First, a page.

Related article at Forbes.
©2012 Andrea Morisette Grazzini
As it turns out, thriving social systems act a lot like healthy trees.
Both “ends” of a tree—like human social systems—serve complementary roles as both “vessels” that contain growth producing materials, and “venues” or places where more growth can emerge from.
Translated into social life, what this means is that both the tips — meaning the visible leaders in business, media, politics and community realms, and the roots — meaning the less visible networks of people whose work or lives aren’t as attention-getting: like employees, teachers, volunteers and home focused family members– contribute to, and indeed are all critical agents of a healthy common system. That is, when and if they are connected together by mutually-supportive systems.
Think of the “architecture” of a tree. Featuring a visible, vertical trunk from which grows large branches that in turn support smaller branches and leaves. All are living or “animate.” And all also interact with inanimate variables such as weather, native habitat and ecological environment. Without all of which, there would be no tree. But we often forget what we don’t see: namely, the tree’s roots. Also without which there would be no tree! The deep, horizontally branched networks of roots keep the tree standing by structurally mirroring below ground what’s above ground.
So, both visible vertical and hidden horizontal systems are interdependent, connected to each other by their shared trunk. And, indirectly to inanimate forces that directly impact the other.
Above ground wind-swept leaves capture and filter sun and rain, eventually floating to the ground, where they undergo entropic processing. As they die they turn into food or fertilizer for the tree that is absorbed back into the ground, and/or with seeds that germinate more trees. Below ground, meanwhile, roots branched through the soil capture moisture and minerals, “recycling” these through the trunk, back into the tree.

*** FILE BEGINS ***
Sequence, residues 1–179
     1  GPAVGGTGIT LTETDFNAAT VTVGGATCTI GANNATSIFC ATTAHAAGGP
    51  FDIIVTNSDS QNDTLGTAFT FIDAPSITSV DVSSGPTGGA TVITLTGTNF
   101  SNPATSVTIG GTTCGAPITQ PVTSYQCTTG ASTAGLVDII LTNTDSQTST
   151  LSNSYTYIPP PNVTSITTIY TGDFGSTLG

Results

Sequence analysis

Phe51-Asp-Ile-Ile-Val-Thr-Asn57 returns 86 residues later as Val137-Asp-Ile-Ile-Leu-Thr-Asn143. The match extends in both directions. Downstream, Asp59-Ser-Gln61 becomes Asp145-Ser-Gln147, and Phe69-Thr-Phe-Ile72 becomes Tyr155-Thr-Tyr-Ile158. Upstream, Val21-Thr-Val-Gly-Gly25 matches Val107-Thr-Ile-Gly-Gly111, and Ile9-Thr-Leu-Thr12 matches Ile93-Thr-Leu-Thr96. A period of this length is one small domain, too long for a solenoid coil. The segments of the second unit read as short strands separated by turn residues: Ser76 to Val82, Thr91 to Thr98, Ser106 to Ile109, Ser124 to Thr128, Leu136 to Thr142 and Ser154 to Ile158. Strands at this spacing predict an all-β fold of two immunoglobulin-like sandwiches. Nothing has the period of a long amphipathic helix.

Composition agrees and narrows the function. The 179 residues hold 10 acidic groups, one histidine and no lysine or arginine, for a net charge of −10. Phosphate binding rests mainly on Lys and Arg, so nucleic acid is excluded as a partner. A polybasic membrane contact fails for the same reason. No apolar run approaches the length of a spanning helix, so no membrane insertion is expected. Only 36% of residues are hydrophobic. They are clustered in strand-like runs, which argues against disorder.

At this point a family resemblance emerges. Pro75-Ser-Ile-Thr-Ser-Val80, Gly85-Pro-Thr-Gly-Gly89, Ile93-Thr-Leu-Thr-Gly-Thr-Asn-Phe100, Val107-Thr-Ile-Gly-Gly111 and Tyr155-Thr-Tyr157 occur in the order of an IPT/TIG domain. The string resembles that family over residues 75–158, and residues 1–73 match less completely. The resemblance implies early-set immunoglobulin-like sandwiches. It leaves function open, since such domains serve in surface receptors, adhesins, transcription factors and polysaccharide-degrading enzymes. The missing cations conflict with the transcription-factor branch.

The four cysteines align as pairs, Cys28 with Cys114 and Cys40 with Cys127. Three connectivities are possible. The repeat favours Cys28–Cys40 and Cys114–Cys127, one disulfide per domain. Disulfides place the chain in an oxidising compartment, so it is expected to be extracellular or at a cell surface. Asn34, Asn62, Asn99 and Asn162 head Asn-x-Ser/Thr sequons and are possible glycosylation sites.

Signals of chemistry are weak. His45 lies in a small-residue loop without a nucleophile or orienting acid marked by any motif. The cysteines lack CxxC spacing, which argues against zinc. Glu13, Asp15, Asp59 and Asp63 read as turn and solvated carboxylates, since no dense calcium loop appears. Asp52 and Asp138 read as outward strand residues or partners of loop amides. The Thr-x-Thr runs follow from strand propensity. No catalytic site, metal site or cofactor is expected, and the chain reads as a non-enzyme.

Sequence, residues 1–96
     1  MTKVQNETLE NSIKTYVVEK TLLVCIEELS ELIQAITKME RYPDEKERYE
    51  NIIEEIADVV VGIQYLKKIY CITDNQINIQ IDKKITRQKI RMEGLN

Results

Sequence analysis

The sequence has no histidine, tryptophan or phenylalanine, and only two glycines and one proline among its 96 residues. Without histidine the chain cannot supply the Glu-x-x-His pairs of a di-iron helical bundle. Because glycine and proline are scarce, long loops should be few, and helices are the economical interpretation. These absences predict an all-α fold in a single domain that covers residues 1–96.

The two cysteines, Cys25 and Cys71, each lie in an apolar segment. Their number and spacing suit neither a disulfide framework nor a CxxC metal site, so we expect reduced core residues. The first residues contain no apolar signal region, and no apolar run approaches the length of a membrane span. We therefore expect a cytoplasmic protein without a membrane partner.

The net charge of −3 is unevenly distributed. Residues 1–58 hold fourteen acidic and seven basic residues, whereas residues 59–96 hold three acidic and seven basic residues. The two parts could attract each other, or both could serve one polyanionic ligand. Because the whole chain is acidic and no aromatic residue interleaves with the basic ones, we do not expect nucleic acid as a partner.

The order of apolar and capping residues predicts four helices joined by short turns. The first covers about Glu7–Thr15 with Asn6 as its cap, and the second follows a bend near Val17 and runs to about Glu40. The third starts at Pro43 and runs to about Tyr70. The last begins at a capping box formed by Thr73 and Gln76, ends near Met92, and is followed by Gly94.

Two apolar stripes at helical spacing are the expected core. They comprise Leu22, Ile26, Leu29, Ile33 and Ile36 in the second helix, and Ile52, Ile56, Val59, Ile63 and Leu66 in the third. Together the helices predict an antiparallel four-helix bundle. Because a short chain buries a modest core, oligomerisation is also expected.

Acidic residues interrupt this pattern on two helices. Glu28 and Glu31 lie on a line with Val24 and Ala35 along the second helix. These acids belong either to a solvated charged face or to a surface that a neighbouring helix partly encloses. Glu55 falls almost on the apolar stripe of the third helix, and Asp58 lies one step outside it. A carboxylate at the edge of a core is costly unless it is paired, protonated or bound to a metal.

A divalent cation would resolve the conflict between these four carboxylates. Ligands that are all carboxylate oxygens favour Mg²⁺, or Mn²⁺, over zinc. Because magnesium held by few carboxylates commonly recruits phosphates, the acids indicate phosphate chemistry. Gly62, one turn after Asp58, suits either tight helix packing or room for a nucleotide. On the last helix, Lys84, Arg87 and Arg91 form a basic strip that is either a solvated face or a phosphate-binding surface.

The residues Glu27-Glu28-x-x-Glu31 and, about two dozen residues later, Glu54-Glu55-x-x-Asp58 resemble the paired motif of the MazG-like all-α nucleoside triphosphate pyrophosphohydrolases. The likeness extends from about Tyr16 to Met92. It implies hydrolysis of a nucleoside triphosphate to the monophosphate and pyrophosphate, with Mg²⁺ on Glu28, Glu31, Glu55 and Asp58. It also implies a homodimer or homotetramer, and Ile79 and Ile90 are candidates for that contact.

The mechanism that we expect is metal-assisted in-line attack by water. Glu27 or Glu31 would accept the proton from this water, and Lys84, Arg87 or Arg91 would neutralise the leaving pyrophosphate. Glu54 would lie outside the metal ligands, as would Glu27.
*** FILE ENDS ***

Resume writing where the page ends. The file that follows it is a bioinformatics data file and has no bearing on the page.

From Roots to Tips
So, then, what serves as the metaphorical “trunk” that connects the “tips” and “roots” of human social systems? Institutions, organizations, governments and public spaces that connect and unify the clearly visible leaders to equally as many or more invisible people, without whom leaders couldn’t build and grow social culture. Like a tree without roots, a social system not deeply connected with its roots won’t survive, thrive and nurture ongoing, future growth.
This co-constructed infrastructure, thus, functions effectively only when all ends of the social “tree” dynamically deliver their individually accessed but interdependently enriched and common resources.
When human “tips,” “roots” and the “trunk”-like entities and spaces that can bridge all together understand and enable the capacities of all parts as vital, they’ll grow integrally stronger, and, in time, in natural synch. This model echoes the themes of 2010 Nobel Prize winner in Economics, Elinor Ostrom’s common pool resources.
For more on these themes, take a look at Design in Nature: How the Constructal Law Governs Evolution in Biology, Physics, Technology, and Social Organization by Adrian Bejan Adrian and J. Peder Zane.
Andrea Morisette Grazzini is a writer, consultant and participatory researcher. Her work has influenced numerous local, national and global conversations on cross-sector collaboration. She co-founded the tech-company Peoplenet Communications Corporation in 1993. And founded the cross-partisan initiative DynamicShift in 2009.